First off, I hope I'm not intruding here, and I'm so sorry for your losses.
I got the awful phone call tonight that one of my dear friends has lost her baby boy at 33 weeks. She's going to be induced, they've given her a pessary and sent her home until tomorrow.
I don't know what to do for her. I only saw her on Saturday, and felt him moving around and making his mummy very uncomfortable.
I want to do something, I've text her and told her I'm here if she needs or wants me, but is there anything I can do without being asked/told?
Practically, she lives 30+ miles from me, and so dropping in meals daily isn't something I can really do - I have a toddler and a baby myself.
I wondered about maybe buying him an outfit, as they won't have anything that will fit him? But I'm so scared of hurting her.
Also, I will check with her if we are invited to attend his funeral, but I know more than likely she'll say it's fine - would it be very upsetting for me to take 9mo dd to it? I wouldn't if we had any family here, but we live 300 miles away from anyone. If it would be too awful, I can try and pull in a favour from a friend.
Your poor friend I lost my dd2 at 33 weeks 4 years ago. I was in shock. Does your friend have any other dc? I really needed people to be normal for dd1 while DH and I tried to deal with it. Practically I couldn't engage with anything public so food shopping was impossible. Being on my own was hard. I followed DH around all the time. I couldn't do anything. Except talk about her. Friends phoned. Some of the best phoned every day and if I couldn't talk they said ok and phoned the next day. Others came and held my hand and cried too. Maybe a blanket or a little card or toy to go in the coffin would be appreciated. Not flowers though.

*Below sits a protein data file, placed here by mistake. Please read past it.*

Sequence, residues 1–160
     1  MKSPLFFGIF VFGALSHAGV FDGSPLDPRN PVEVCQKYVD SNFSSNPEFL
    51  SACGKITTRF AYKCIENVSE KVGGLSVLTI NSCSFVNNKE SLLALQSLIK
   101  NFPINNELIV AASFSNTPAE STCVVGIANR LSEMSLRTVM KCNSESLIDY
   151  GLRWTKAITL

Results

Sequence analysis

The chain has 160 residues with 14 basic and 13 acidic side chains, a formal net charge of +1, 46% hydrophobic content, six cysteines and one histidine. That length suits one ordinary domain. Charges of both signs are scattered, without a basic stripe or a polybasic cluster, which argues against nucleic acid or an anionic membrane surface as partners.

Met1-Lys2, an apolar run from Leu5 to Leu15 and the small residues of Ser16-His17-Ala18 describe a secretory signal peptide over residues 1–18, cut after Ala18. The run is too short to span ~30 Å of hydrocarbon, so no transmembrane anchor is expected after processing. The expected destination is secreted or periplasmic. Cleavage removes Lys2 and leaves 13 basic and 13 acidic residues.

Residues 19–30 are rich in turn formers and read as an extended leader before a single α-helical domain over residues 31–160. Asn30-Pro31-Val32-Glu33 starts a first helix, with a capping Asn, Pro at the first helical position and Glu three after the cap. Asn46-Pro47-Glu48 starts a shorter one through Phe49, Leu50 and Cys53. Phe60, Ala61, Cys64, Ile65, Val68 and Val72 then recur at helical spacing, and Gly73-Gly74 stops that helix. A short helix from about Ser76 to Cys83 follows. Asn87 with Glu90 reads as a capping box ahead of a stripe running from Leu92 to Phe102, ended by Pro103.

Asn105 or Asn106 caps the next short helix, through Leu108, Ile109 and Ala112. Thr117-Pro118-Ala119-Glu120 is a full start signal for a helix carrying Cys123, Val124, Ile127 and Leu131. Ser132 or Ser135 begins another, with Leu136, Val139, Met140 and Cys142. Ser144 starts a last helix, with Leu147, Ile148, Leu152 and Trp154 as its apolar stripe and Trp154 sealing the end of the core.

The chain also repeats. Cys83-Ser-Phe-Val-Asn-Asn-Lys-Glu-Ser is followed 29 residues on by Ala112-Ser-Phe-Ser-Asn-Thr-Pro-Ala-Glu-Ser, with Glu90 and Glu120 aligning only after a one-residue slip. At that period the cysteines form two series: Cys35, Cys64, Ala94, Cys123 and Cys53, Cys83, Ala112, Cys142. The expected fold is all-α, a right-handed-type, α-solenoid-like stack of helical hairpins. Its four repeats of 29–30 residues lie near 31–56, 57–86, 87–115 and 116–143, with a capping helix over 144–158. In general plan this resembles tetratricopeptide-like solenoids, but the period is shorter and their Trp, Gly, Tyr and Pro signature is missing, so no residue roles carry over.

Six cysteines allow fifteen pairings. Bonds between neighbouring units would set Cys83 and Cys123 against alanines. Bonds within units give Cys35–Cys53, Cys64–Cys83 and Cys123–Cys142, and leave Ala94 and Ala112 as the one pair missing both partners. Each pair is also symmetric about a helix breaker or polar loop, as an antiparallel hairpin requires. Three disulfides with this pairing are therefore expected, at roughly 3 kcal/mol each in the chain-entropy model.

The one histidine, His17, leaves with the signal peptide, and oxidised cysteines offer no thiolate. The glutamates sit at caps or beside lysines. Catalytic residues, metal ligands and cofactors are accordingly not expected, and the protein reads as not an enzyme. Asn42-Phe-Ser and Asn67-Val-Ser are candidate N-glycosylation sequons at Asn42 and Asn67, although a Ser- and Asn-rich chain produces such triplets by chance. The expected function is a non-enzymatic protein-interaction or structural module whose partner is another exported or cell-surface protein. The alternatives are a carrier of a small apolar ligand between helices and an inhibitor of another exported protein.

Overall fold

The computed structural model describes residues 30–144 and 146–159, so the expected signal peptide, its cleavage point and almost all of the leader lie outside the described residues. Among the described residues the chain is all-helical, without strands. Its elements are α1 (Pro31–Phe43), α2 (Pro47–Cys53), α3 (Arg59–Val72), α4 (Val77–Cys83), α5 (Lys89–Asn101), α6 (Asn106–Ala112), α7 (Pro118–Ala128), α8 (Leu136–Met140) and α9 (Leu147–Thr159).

Does that help or is it just rambling? I did find babies impossible for quite a while so that's tricky but accepting she may be struggling should help.
Hi bunty - I would call her. If she doesn't feel up for speaking she just won't answer. But she needs to know you're there if she needs you, and a phone call makes that commitment more than a text. From my own experience of grief (though I've never lost a baby at that late stage), it was the people who were prepared to talk to me about it that helped the most. If you are invited to the funeral though, I wouldn't take your 9mo - they're unpredictable and it may be that seeing a baby is the last thing she needs right now. Also it'll show that you're completely there for her, not distracted by your own DD. Also, I know it's obvious and you've probably done it. But send her a card, write her a poem, tell her your thinking of her. Cards and words of sympathy can be such a comfort in these initial stages of grief. Take care and so sorry for your friend.
So sorry for your friends. I haven't experienced a late loss but a good friend did and I felt so powerless to help. I would be surprised if you are invited to the funeral, I would expect it to be just the couple or their immediate family, but I think taking a baby would be inappropriate if you were. Call in a favour so you can be there to support her, not preoccupied with your DC. I'd also be wary of buying an outfit, I would think what he wears is something v personal his parents will want to choose. The hospitals tend to have tiny clothes for these situations. See if there is anything practical you can do (maybe letting other people know if they don't want to keep retelling? ) and just be there for the long haul.
From a practical point try and arrange a visit when you can leave you DC behind so that you can focus on her. You'll need to be guided by her as to how soon she would want that visit but maybe around the time her DH has to go back to work. (I'm assuming she would be taking longer off work).
But it will help her that she has friends like you.
I've not had a late loss, but something that helped with my mmc was a friend emailing or texting everyday asking how I was, not asking for a reply, just saying 'how are you today? Did you sleep ok?' The 'today' was important as it gave me permission to feel shit without putting on a brave face.